Sherrod DeGrippo, Vice President of Threat Research and Detection at Proofpoint.
News & Events

TA2541 persistent threat to transportation, logistics, travel, says Sherrod DeGrippo at Proofpoint

Proofpoint, has tracked the TA2541 threat – a persistent cybercriminal actor that distributes various remote access trojans targeting the aviation, aerospace, transportation, and defense industries, among others. Proofpoint has tracked this threat actor since 2017, and it has used consistent tactics, techniques, and procedures (TTPs) in that time. Entities in the targeted sectors should be aware of the actor’s TTPs and use the information provided for hunting and detection.

Unlike many cybercrime threat actors distributing commodity malware, TA2541 does not typically use current events, trending topics, or news items in its social engineering lures. In nearly all observed campaigns, TA2541 uses lure themes that include transportation related terms such as flight, aircraft, fuel, yacht or charter.

When Proofpoint first started tracking this actor, the group sent macro-laden Microsoft Word attachments that downloaded the RAT payload. The group pivoted, and now they more frequently send messages with links to cloud services such as Google Drive hosting the payload. Proofpoint assesses TA2541 is a cybercriminal threat actor due to its use of specific commodity malware, broad targeting with high volume messages, and command and control infrastructure.

Although TA2541 has been targeting thousands of organizations, multiple entities across aviation, aerospace, transportation, manufacturing, and defense industries appear regularly as targets of its campaigns. There appears to be a wide distribution across recipients, indicating TA2541 does not target people with specific roles and functions.

TA2541’s malware campaigns include hundreds to thousands of messages, although it is rare to see TA2541 send more than 10,000 messages at one time. Campaigns impact hundreds of organizations globally, with recurring targets in North America, Europe, and the Middle East. Messages are nearly always in English.

The threat actor consistently uses remote access Trojans that can be used to remotely control compromised machines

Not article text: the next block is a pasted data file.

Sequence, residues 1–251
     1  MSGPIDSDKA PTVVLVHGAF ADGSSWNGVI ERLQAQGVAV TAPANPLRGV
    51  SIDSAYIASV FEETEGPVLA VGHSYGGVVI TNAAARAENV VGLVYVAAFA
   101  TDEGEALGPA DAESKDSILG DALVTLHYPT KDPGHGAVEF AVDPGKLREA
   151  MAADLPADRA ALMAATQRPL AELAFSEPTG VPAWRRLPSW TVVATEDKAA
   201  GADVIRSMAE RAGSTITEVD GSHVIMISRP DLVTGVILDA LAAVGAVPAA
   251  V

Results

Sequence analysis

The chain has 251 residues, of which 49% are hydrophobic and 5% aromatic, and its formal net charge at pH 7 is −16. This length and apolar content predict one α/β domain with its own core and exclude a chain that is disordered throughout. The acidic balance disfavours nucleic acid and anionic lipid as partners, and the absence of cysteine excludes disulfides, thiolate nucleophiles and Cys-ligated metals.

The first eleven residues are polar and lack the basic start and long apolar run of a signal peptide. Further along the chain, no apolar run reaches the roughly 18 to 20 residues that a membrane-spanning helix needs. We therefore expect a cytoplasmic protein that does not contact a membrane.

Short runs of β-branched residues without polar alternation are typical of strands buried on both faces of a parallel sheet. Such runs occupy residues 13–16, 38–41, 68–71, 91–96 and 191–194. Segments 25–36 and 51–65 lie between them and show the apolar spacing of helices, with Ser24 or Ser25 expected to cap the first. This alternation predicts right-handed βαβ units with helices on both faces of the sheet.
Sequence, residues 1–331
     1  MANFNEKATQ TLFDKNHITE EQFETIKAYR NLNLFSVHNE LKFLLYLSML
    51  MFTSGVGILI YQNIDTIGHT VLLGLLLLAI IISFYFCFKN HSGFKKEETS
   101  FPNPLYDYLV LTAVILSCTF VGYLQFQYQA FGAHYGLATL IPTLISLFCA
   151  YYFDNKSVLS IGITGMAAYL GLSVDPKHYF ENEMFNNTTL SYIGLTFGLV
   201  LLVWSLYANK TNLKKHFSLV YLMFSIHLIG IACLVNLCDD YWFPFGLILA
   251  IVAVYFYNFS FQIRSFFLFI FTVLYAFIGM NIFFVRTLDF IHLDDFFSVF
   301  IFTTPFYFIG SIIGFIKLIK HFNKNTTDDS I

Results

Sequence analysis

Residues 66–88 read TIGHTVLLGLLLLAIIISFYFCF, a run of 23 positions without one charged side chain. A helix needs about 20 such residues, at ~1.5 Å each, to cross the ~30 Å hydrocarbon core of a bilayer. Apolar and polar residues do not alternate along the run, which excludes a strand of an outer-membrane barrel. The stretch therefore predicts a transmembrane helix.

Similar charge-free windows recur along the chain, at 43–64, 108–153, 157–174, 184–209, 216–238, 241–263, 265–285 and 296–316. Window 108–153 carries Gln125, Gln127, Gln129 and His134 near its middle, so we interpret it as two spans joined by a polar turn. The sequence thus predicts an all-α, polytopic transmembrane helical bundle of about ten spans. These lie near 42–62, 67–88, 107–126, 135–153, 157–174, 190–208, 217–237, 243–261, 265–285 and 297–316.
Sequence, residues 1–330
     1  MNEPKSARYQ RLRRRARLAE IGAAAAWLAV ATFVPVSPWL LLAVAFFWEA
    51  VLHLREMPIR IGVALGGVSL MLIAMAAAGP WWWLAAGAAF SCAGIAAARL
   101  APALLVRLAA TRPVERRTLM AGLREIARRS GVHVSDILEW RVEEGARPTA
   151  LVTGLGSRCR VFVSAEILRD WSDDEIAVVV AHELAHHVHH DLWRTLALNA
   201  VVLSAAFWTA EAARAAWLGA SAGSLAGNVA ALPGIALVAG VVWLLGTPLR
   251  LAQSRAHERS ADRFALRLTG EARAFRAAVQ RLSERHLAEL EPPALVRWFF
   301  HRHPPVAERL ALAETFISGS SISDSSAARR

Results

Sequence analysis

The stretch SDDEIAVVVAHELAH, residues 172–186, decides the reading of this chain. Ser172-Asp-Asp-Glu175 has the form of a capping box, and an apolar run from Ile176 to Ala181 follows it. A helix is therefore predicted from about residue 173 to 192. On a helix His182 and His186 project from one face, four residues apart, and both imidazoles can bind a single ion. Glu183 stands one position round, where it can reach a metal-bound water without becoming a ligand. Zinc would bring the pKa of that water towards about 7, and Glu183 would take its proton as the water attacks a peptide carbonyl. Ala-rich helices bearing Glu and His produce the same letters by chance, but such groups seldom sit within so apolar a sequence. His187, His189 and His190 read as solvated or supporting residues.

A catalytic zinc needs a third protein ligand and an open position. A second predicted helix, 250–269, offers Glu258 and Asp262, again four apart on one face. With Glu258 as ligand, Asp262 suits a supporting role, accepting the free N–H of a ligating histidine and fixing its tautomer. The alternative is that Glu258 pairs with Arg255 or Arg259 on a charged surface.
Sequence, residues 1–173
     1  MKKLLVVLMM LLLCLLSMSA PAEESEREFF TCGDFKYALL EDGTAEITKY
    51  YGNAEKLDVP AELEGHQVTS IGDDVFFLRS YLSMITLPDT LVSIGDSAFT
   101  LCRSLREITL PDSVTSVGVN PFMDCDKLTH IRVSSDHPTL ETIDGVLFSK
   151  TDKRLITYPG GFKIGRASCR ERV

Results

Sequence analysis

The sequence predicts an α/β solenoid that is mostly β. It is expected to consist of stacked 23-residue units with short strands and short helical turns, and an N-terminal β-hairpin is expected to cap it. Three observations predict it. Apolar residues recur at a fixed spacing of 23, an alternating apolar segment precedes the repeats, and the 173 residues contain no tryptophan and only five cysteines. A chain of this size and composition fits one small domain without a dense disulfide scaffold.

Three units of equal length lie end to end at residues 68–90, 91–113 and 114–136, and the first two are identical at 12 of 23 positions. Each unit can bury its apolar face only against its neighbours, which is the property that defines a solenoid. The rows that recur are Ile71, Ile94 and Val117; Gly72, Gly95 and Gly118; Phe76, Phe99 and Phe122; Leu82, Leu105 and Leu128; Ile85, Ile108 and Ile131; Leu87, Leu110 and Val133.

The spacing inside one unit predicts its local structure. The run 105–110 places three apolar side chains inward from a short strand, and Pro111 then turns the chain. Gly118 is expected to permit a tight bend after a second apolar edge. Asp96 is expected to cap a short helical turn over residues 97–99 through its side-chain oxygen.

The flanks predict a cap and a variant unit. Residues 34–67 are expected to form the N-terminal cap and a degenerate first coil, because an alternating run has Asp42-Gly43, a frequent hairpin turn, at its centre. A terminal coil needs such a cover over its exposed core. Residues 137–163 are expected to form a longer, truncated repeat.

In the spring of 2020, TA2541 briefly pivoted to adopting COVID-related lure themes consistent with their overall theme of cargo and flight details. For example, they distributed lures associated with cargo shipments of personal protective equipment (PPE) or COVID-19 testing kits.

In recent campaigns, Proofpoint observed this group using Google Drive URLs in emails that lead to an obfuscated Visual Basic Script (VBS) file.

Proofpoint has observed TA2541 using over a dozen different malware payloads since 2017. The threat actor uses commodity malware available for purchase on criminal forums or available in open-source repositories. Currently, TA2541 prefers AsyncRAT, but other popular RATs include NetWire, WSH RAT and Parallax.

TA2541 remains a consistent, active cybercrime threat, especially to entities in its most frequently targeted sectors. Proofpoint assesses with high confidence this threat actor will continue using the same TTPs observed in historic activity with minimal change to its lure themes, delivery, and installation. It is likely TA2541 will continue using AsyncRAT and vjw0rm in future campaigns and will likely use other commodity malware to support its objectives.

Sherrod DeGrippo, Vice President of Threat Research and Detection at Proofpoint, said: “What’s noteworthy about TA2541 is how little they’ve changed their approach to cybercrime over the past five years, repeatedly using the same themes, often related to aviation, aerospace, and transportation, to distribute remote access trojans. This group is a persistent threat to targets throughout the transportation, logistics, and travel industries.”

Sherrod DeGrippo, Vice President of Threat Research and Detection at Proofpoint.
Sherrod DeGrippo, Vice President of Threat Research and Detection at Proofpoint.